So please do not introduce 'quotas', and encourage people with uncommon profile apply for regular seats — NickK (talk) 11:26, 6 February 2021 (UTC)Reply

Hi NickK, thanks for bringing this up. This is a good point - just like tokenism noted on another talk page, making people feel marginalized is not a good outcome either. I will include this in the feedback. It seems like the rest of your comment has almost a burnout theme - would you say quotas might not be sustainable? Just trying to accurately capture your comments. Best, JKoerner (WMF) (talk) 21:06, 12 February 2021 (UTC)Reply
@JKoerner (WMF): Oh no, burnout is not the main theme of my comment. However, burnout is something that might happen to an unprepared candidate. With quotas having an unprepared candidate is just something more likely — NickK (talk) 16:22, 13 February 2021 (UTC)Reply
@NickK: Sorry I wasn't more clear. I should have said I noted the other feedback in your comment. I just asked about the burnout situation because that is new feedback I had not yet heard about quotas. Best, JKoerner (WMF) (talk) 13:22, 15 February 2021 (UTC)Reply
@JKoerner (WMF): Just to clarify: that's an unintended feedback, and I don't want to generalise but it can indeed happen.
I have not seen any case directly related to quotas. I have seen a few cases where new and more diverse candidates were elected (partly because people wanted new faces, partly because they added some diversity), and unfortunately these candidates happened to be not very well-prepared for the position and had a burnout. This might not have been a direct consequence of being uncommon candidates, but these burnouts really happened.
I would say the 'burnout' point for 'quotas' is the following: quotas should not go too far enough to make us elect a significantly less-prepared candidate (or candidates). Even a well-prepared candidate would be in a difficult situation: they would be a hope for an underrepresented group, while other voters would see them as a candidate who relied only on this quota to get elected. A less-prepared candidate, in addition to this pressure, would be on a steep learning curve, making a burnout just more likely. If we are feeling that some group is not represented as their candidates are weaker, so we need a quota to get a candidate from them, we really should invest in training these candidates first — NickK (talk) 14:46, 15 February 2021 (UTC)Reply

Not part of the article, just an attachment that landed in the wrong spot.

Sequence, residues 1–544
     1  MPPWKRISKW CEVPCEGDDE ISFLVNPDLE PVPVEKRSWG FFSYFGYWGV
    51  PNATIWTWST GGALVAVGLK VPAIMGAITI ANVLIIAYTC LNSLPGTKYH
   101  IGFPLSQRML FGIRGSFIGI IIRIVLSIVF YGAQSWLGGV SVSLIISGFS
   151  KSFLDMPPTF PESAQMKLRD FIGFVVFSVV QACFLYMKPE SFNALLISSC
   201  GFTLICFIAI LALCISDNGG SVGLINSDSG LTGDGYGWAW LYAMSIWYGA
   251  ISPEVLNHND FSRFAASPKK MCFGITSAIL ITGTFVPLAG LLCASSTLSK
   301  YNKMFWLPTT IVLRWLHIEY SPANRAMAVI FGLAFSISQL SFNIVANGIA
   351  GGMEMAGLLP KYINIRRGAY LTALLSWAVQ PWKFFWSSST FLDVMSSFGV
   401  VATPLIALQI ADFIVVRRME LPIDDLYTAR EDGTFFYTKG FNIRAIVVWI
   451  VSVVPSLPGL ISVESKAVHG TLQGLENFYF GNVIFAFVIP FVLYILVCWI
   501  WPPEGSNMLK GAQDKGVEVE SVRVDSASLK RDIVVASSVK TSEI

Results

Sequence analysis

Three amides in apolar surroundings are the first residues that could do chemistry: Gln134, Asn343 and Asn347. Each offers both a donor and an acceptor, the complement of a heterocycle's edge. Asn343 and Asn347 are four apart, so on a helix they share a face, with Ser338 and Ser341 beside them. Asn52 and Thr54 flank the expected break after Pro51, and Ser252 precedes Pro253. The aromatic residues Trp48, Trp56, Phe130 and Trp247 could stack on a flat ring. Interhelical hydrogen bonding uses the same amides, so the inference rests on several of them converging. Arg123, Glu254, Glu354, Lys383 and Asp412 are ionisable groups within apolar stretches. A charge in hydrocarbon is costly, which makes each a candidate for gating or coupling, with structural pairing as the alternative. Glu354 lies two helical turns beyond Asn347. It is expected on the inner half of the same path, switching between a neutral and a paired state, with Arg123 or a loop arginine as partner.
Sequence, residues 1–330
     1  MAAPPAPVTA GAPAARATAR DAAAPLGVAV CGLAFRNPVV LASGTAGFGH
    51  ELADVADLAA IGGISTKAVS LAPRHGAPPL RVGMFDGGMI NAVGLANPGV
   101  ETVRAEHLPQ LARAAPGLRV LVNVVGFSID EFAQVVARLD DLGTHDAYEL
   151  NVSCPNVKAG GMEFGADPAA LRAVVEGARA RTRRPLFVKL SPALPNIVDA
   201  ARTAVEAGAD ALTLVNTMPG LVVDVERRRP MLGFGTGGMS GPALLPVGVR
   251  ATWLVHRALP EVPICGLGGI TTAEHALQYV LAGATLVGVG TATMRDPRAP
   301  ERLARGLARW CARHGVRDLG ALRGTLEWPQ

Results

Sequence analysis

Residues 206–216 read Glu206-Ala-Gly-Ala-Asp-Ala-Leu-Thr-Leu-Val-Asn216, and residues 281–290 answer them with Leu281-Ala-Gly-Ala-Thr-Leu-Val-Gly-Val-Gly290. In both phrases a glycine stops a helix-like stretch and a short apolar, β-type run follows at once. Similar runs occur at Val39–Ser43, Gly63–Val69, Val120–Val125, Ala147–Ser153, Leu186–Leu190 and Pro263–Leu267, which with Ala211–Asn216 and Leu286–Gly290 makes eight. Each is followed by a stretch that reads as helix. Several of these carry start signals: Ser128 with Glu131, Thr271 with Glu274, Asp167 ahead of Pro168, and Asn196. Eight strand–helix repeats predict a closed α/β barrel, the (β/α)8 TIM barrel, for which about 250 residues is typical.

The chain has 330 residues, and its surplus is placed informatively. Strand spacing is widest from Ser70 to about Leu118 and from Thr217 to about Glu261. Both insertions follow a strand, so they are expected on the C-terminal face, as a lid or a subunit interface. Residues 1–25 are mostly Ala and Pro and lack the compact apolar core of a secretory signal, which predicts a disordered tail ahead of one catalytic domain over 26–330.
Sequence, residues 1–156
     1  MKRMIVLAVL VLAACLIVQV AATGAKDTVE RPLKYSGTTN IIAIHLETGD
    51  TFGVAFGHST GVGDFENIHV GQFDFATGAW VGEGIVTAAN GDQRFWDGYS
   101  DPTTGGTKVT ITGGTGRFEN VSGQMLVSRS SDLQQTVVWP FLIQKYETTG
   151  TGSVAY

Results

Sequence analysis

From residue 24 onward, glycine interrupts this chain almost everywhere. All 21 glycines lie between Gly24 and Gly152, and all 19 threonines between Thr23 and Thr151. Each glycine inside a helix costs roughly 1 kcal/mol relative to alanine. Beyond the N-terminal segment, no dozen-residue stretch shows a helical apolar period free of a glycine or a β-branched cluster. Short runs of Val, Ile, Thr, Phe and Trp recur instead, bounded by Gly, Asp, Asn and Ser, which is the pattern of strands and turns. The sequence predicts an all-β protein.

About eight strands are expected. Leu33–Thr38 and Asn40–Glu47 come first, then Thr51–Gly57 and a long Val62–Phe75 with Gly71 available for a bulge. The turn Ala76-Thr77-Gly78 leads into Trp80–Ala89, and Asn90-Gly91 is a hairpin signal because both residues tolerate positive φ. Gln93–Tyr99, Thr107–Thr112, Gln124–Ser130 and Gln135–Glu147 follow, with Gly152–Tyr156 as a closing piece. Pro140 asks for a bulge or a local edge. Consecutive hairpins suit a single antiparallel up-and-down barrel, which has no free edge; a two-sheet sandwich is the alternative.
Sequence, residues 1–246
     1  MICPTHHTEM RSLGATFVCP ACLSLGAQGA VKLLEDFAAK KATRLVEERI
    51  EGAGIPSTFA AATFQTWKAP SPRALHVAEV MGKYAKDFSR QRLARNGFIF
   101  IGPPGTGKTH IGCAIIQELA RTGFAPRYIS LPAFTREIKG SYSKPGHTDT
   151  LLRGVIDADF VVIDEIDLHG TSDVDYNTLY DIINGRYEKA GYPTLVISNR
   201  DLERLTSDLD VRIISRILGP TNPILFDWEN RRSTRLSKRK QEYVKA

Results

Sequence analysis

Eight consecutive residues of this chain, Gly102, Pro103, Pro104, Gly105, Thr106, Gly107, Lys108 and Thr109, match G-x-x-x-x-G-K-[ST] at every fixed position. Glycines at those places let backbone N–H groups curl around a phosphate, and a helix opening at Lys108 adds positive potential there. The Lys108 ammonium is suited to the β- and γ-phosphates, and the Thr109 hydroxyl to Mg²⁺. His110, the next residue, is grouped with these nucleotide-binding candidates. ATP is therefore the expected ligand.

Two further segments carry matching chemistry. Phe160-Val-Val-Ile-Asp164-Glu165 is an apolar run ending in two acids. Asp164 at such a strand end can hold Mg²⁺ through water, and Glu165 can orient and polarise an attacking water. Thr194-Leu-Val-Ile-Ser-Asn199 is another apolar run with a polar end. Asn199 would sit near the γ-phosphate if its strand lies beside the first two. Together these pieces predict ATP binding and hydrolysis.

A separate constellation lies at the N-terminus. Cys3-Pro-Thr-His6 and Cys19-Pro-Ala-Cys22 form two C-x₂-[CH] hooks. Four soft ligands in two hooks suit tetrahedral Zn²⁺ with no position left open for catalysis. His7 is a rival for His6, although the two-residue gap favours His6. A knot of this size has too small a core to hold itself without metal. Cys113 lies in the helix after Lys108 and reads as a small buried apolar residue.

Oh! @NickK: It is good we are talking more about this then. I see now. Let me list the feedback I heard here just to double-check that I understood correctly:
  • Quotas could put some people on the Board by trying to fulfill the quota, but that person might not be prepared for this role on the Board and burnout.
  • If the community wants people from certain areas on the Board, those people should be provided with training first to prepare them.
  • Quotas might make some very qualified candidates uncomfortable, or even make them hesitant to take the seat on the Board, because they don't want to be seen as getting the seat because of diversity quotas.
  • Voters might see the candidate as someone who relied on the quota to get elected to the Board.
Does that about capture it? Let me know if I missed anything? Best, JKoerner (WMF) (talk) 16:34, 15 February 2021 (UTC)Reply
@JKoerner (WMF): One point is missing: Voters may support none of the quota candidates for an unrelated reason, meaning they have to choose a candidate they would not have supported in normal circumstances. They can meet all quota requirements but be unpopular for an unrelated reason (let's say we have a quota for Africa, but all three African candidates think Wikipedia should introduce ads, something the community cannot support). This point is clearly one of my top-2 together with #3 (very qualified candidates) — NickK (talk) 17:57, 15 February 2021 (UTC)Reply